It's the most wonderful time of the year, which means that New York's most iconic Christmas tree is lit, the rink at Rockefeller Center is busy and the Rockettes are performing. However, few realize the amount of energy that is required to keep building occupants and the tourists walking through the New York sites comfortable and happy. The amount of energy, especially at peak times, is expensive and negatively impacts our environment and electric grid. Can energy that is consumed during off peak periods and stored for later use help solve these problems and help to reduce the peak electricity demands, improve utility load factor and make renewables more viable even in the cold of winter?
The Real Magic
New York City is more than just a tourist destination, consisting of over 800,000 buildings. Although the above ground attractions get all the attention, the real magic happens in the basements and on the roofs, where ice-based thermal energy storage is in place at properties such as Rockefeller Center, Morgan Stanley and 11 Madison Avenue. On summer nights, when energy prices are nearly 70 percent discounted compared to daytime prices and energy is generated more efficiently, cooling is created and stored in the form of ice by a chiller. The next day the ice is melted to cool the building unbeknownst to occupants.
During the winter, when cooling loads are lower due to colder outside temperatures, the typical ice melt times for one iconic building is 15 hours. Ice can be used to meet cooling loads during the day with chillers only running at night. While many may not think to cool buildings in winter, large buildings require some cooling due to heat emitted from people, lighting and computers. During the summer, ice is burned for six hours (usually 12 noon to 6 p.m.) throughout peak demand times, thus reducing energy consumption when the grid is most vulnerable and reaching capacity. This strategic use of energy storage is benefitting the power grid, the building and the city.
Even though buildings have been using energy storage for decades, the value of this technology is just starting to be recognized, especially in New York City. Across the United States, nuclear and coal power plants may be shut down in the coming years. This would remove massive amounts of power generation from the grid. However, with enough energy storage implemented into the grid, it is possible to meet electricity demand without the plants. Energy storage used to its fullest potential could mitigate that impact.
Peak Demand and When We Use Power
The time at which energy is used is just as important as how much is used. Peak demand for electricity has shaped the way our power grid works and the infrastructure that has been put in place. The power grid has been structured to be big enough to meet the few hottest or coldest hours during the day when energy consumption is at its highest, mostly due to heating and cooling operations. Summer brownouts and blackouts are a common result of these dangerous peaks that are pushing the power grid beyond its limit. Sizing the power grid to these few times of extreme demand has left it bigger and less efficient during the rest of the year. The nation's utility load factor is further proof of this.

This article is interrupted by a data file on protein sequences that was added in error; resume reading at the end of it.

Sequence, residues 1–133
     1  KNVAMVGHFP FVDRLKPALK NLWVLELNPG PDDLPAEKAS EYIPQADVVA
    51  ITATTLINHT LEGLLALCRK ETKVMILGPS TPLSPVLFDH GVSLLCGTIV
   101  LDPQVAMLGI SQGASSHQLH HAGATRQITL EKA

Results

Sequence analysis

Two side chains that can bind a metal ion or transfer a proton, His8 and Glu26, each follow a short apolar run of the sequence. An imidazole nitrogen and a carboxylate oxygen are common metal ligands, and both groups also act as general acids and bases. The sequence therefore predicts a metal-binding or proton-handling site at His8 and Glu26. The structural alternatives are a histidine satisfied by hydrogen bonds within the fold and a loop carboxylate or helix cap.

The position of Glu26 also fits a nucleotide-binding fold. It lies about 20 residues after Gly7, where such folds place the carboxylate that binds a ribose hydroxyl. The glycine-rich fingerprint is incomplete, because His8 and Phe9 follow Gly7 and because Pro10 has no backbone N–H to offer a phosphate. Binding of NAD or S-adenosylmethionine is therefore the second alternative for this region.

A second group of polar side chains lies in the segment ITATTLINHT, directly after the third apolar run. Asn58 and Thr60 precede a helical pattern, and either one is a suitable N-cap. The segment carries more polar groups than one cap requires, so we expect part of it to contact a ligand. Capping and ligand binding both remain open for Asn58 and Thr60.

The utility load factor of the United States is right around 50 percent. This means on average we are only using 50 percent of the utility infrastructure that is in place. The lower this percentage, the less efficient the power grid is and the higher the number the more efficient. This figure has been on a steady decline since the 60's when the load factor was north of 65 percent. With a 50 percent load factor, we have twice as much generation as we actually need if we were able to produce energy at a steady rate day and night. The more consumption we can shift to off-peak hours, the better our grid will perform. This is how New York City would be able to shut down an entire power plant by implementing energy storage.
Encouraging the Use of Renewables
It's no secret across the United States, especially in New York City, that energy is at a premium and that renewables can potentially ease the financial burden. Energy storage is a vital component to renewables, since unlike coal, solar and wind are pure energy with no storage capabilities. Energy storage allows a consumer to use the energy when they want, instead of trying to match supply with demand as it happens.
The biggest problem with renewables, however, is the intermittency issue that arises with wind and solar energy. Weather conditions affect the amount of energy that is being generated from renewables. Without storage, the renewable energy can't always be used to its fullest potential. To help solve this problem, energy storage can kick in when the wind is not blowing or the clouds roll in. The energy from wind is best captured at night when wind is most active and demand is already low. With storage, wind energy may then be put to use during peak demand hours. In dense urban environments it is difficult to collect renewables, however those dense urban locations are the best places to store the energy. Installing energy storage, in all its forms, at the source of consumption makes sense, whether it is in the basement of a building or on the roof. Renewables should be placed outside the City instead.
All types of energy storage will be needed to create a more sustainable future. Right now, the power grid is the biggest mechanical system in the world with almost no storage capability. Buildings, like offices, schools and hospitals, that are implementing energy storage are helping to achieve large-scale results. Imagine being able to shut down half of the nation's power grids or implementing more renewable energy into our society. Each building is a stepping stone to a future where this is a reality.